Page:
A Chinese podcast called “How to Make Your Voice More Attractive” has 218,000 paying subscribers. Overall, the market in Chinese self-help subscription podcasts was worth $7.3 billion in 2017, compared with just $314 million for all advertising-funded podcasts in the US. [Jennifer Pak]
When he took over the bookshop chain Waterstones, James Daunt gave individual store managers control over which books to stock and how to display them. Over seven years, returns dropped from 20–25% to just 4%. [Robbie Millen / Benedict Evans]
Vanilla pods now cost $500/kg, roughly the same as silver. Madagascan farmers have briefly become vanillionaires, causing chaos in areas where the nearest bank might be a day’s walk away. [Annah Zhu]
A Spanish bakery will install a ‘thermal breadbox’ on the side of your house (for free!) and deliver warm bread every day [Pablo Alarcon]
This was interesting to read about losing a week’s worth of photos from a memory card failure. I have had my own woes with memory cards and USB drives failing without backups being done. The costs are quite prohibitive for restoring hardware failures as indicated in the piece. The main lessons are getting many cards (reading negative reviews to judge failure rate), backup often and use a camera with dual card slots.
Some negative customer reviews are frivolous because they are rooted in user error, or because they concern themselves with delivery rather than the product’s quality or performance. However, negative reviews are generally more significant than positive reviews.
If you think that one shouldn’t focus on the negative while the vast majority of reviews are positive, consider that on Amazon, the average rating for a product is 4.4 (out of 5) as found here by analyzing 7 million reviews. Even a product with an average 4.0 rating (4-star) is below average. The large majority of products are rated above 4.0, so the difference between a great product and a subpar product is less than 1 (star) on average. On the other hand, we’ve just seen that the number of 1-star reviews for different cards varies by a factor of four.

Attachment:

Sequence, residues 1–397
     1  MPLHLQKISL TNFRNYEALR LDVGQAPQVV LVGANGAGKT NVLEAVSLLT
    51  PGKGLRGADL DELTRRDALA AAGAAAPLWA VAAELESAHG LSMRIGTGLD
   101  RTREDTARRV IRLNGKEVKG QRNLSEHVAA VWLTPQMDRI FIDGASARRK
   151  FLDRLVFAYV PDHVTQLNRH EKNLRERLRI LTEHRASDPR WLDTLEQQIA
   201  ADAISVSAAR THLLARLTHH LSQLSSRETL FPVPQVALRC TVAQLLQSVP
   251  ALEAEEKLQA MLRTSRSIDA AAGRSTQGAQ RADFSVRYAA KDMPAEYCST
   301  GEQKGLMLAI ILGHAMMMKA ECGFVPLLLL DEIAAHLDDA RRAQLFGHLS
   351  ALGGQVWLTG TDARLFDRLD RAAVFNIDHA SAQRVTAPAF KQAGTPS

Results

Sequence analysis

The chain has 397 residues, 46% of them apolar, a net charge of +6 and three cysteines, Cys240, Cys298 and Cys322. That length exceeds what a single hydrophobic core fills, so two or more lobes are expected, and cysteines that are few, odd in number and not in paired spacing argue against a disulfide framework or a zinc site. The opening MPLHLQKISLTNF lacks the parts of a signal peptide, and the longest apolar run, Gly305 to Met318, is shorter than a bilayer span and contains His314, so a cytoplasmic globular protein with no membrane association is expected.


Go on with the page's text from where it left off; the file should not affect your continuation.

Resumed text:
And what kind of new concession should be offered? That is easy. What Mr Johnson would need to win a second referendum is an emergency brake on free movement of people, allowing the UK to limit the number of EU nationals moving to Britain if it has surged beyond a certain level.
In retrospect, it was a big mistake on the part of the EU not to give Mr Cameron exactly this concession in his renegotiation of the UKâ€™s terms of membership early this year. It was the prime ministerâ€™s inability to promise that Britain could set an upper limit on immigration that probably ultimately lost him the vote.
Mongolia will become a global pioneer next month, when its national post office starts referring to locations by a series of three-word phrases instead of house numbers and street names.
The new system is devised by a British startup called What3Words, which has assigned a three-word phrase to every point on the globe. The system is designed to solve the an often-ignored problem of 75% of the earthâ€™s population, an estimated 4 billion people, who have no address for mailing purposes, making it difficult to open a bank account, get a delivery, or be reached in an emergency. In What3Wordsâ€™ system, the idea is that a series of words is easier to remember than the strings of number that make up GPS coordinates. Each unique phrase corresponds to a specific 9-square-meter spot on the map.